The Tournament (Blu-ray Review Canadian Import)

Why So Blu might just make it a habit of reviewing imports now, because once we start, we can’t stop!  Continuing on the import train, we now bring you The Tournament which has not received an official Blu-ray release in the states other than the standard DVD through The Weinstein Company.  I actually found out about The Tournament when I was watching Solomon Kane. There’s a trailer for it on the Kane disc.  I’m under the impression that the UK may get a Blu-ray release before the U.S. Not to worry, our neighbors to the north already got it…and so do we!


Every seven years, thirty of the greatest hitmen in the world converge in a small town, city or area in a foreign country to battle it out for the grand prize of ten million dollars.   These are no ordinary hitmen.  They all have specialties which range from weapons expertise to martial arts, demolitions, explosives, or just impulse.

Joshua Harlow (Ving Rhames) is the tournament’s last winner and reigning champion. Harlow is out for revenge, because rumor has it that the person who murdered his wife is in The Tournament as well.

Lai Lai Zhen (Kelly Hu) is a Chinese hitman who got her start for the triads when she was growing up.  She’s somewhat reckless, but that’s due to her guilty conscious eating away at her.  She’s been in the “business” for a looooong time.

Father Joseph Macavoy (Robert Carlyle) is a Catholic priest who’s lost his faith and turned to the bottle for spiritual guidance.  It’s not until he’s under the scope that his faith will really be put to the test, because only God can help him now.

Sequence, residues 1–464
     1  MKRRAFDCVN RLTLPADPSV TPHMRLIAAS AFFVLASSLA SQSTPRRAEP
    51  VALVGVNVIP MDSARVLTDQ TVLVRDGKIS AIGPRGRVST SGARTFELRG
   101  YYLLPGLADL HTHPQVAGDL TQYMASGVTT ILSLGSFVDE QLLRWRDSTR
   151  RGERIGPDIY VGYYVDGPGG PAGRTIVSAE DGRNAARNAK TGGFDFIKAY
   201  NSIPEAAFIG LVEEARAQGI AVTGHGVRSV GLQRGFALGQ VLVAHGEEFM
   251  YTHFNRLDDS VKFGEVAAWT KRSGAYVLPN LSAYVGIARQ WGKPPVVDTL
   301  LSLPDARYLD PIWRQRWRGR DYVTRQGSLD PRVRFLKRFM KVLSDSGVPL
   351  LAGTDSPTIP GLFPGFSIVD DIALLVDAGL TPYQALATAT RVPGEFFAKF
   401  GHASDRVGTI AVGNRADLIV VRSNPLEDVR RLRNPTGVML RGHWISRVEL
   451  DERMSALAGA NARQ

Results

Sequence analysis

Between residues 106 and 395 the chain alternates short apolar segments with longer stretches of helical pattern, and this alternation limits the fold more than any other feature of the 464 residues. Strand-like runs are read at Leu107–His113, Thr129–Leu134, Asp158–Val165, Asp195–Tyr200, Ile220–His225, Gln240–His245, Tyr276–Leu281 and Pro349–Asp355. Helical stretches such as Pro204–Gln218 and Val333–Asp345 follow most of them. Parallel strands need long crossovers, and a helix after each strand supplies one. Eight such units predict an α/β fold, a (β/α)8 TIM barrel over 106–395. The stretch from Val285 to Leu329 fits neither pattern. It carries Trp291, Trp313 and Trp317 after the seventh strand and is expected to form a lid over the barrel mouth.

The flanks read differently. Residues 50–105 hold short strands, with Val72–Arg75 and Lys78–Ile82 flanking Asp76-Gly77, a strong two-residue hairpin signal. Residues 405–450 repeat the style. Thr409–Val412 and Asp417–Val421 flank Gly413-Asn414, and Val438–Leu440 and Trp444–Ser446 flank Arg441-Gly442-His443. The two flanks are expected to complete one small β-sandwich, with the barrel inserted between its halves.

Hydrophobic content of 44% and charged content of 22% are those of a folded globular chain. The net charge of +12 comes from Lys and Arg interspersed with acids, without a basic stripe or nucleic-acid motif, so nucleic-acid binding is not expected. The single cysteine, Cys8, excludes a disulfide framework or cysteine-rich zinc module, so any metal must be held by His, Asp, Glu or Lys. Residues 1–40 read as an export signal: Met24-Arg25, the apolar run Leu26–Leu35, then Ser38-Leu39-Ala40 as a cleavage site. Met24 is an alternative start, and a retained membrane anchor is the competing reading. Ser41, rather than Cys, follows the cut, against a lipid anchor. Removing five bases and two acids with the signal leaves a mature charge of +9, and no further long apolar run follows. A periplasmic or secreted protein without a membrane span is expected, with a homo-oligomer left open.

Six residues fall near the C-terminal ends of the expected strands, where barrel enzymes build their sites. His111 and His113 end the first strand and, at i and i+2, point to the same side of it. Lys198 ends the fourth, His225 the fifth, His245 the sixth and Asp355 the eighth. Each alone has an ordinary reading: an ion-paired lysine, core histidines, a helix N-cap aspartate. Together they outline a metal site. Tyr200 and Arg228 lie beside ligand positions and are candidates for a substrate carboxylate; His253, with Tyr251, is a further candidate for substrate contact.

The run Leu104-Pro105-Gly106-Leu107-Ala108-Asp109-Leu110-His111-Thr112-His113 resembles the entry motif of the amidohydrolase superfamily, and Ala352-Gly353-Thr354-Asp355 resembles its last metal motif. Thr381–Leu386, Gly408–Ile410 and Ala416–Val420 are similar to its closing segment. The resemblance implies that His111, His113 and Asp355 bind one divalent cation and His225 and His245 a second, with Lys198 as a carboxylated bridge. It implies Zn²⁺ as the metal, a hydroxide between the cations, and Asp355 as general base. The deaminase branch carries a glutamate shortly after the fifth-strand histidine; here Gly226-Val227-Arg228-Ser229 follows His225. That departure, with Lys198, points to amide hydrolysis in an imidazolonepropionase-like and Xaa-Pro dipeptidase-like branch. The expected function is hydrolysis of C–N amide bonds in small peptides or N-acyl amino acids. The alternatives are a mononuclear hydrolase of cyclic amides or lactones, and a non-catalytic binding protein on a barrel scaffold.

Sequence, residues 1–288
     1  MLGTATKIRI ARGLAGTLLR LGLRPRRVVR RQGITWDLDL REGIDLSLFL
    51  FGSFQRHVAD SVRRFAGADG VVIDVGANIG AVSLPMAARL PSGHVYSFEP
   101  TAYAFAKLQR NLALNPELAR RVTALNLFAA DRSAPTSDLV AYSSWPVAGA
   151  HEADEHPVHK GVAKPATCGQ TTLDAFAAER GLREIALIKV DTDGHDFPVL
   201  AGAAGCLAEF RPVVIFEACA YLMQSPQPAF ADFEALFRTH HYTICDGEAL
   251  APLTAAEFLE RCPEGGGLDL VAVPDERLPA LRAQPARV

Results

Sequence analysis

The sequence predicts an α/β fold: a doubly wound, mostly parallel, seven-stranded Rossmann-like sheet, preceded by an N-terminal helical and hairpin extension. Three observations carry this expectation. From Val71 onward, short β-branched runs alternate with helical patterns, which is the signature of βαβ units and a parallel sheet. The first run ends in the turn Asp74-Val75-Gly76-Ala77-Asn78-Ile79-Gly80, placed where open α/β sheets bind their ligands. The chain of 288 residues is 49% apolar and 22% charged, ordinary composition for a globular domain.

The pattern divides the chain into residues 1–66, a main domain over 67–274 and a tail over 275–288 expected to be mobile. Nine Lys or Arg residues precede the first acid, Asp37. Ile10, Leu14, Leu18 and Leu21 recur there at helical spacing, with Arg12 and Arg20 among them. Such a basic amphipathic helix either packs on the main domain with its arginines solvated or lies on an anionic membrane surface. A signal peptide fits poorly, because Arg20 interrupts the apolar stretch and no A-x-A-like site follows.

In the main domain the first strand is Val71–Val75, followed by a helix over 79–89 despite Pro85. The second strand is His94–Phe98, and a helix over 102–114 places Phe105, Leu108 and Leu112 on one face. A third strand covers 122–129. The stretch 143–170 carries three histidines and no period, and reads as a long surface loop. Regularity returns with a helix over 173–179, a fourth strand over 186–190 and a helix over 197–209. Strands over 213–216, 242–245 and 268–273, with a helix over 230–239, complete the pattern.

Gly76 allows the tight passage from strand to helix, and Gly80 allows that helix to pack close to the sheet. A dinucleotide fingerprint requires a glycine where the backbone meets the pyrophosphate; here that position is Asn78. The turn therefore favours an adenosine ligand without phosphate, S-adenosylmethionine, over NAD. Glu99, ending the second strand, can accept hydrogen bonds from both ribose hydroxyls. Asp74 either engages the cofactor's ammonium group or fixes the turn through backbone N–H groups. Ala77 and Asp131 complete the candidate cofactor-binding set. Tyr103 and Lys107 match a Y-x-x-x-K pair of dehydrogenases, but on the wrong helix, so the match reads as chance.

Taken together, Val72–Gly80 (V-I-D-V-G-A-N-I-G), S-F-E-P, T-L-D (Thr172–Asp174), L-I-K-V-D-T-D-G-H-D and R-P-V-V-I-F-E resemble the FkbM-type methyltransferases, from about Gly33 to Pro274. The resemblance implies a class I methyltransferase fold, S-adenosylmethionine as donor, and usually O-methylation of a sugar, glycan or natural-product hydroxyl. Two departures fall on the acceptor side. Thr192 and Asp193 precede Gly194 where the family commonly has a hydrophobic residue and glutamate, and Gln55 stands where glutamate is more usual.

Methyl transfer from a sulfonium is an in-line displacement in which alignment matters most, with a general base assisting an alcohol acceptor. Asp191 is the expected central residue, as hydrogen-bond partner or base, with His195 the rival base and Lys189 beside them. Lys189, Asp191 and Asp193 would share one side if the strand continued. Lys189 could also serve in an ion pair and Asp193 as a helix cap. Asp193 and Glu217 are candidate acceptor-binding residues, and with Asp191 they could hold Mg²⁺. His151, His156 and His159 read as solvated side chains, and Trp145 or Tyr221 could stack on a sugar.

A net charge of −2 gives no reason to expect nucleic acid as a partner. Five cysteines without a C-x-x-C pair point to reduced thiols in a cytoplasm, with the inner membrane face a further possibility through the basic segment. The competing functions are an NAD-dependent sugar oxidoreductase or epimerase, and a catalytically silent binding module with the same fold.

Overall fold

Upon doing my research for this review, I found out that The Tournament was plagued by so many production problems including running out of money TWICE!  Keep in mind this film started production in early 2007, and it’s now 2010.  On that alone, most will write it off.  I’m here to tell you not to.  Since The Tournament was filmed overseas in Bulgaria, that keeps production costs way down.  It allows for money to be rerouted to the physical, special practical effects, stuntwork, and other costs not associated with locations.  Props go out to the production team, because bodies have never looked so good when they explode.  Oh yes, the body count is high, and the red matter will flow!


The Tournament is presented in a 1:78.1 aspect ratio.  The Torunament was distributed by Alliance in Canada.  Alliance has an awful reputation for butchering the original aspect ratio in films.  I also had to do some recon in trying to figure out if the 1:78.1 is correct or not.  I’m 99% it is, because the standard DVD released in the states by The Weisntein Company also has this ratio.  Rest easy.

The presentation is not spectacular.  In fact, it’s pretty ugly and gritty.  This isn’t a bad thing since the film’s subject matter is also the same.  Certain shots will appear soft or hazy which I assume is inherent to the source.  Considering its low budget roots, I doubt this was ever supposed to look breathtaking.  Personally, I enjoyed the look, but have to be fair and honest when reviewing the picture quality.  It’s fugly.


The Tournament is presented in standard Dolby Digital 5.1 and DTS-HD Master Audio 5.1. The soundtrack defaults to 5.1, so be sure to switch the DTS track when it starts playing.  Just like its counter part in the video department, the audio quality is pretty standard fair.  It’s very front driven, so explosions, gunshots, silencer rounds, and most of the onscreen action will be hitting you from the front.  The ambient sounds don’t really take effect until the big action scenes take place.  This is a neutral sounding film.

Special Features

Keeping true with the Alliance modus operandi, we get NADA in terms of special features.  You pop in the disc and the film starts automatically.

Final Thoughts

The Tournament isn’t revolutionary by any means, but I’m a fan of the genre.  This could easily be considered the companion piece to Smokin’ Aces.  The Tournament has some spectacular shootouts, chases, and fight scenes.  Great kills litter the film, which should please the action junkie in all of us.




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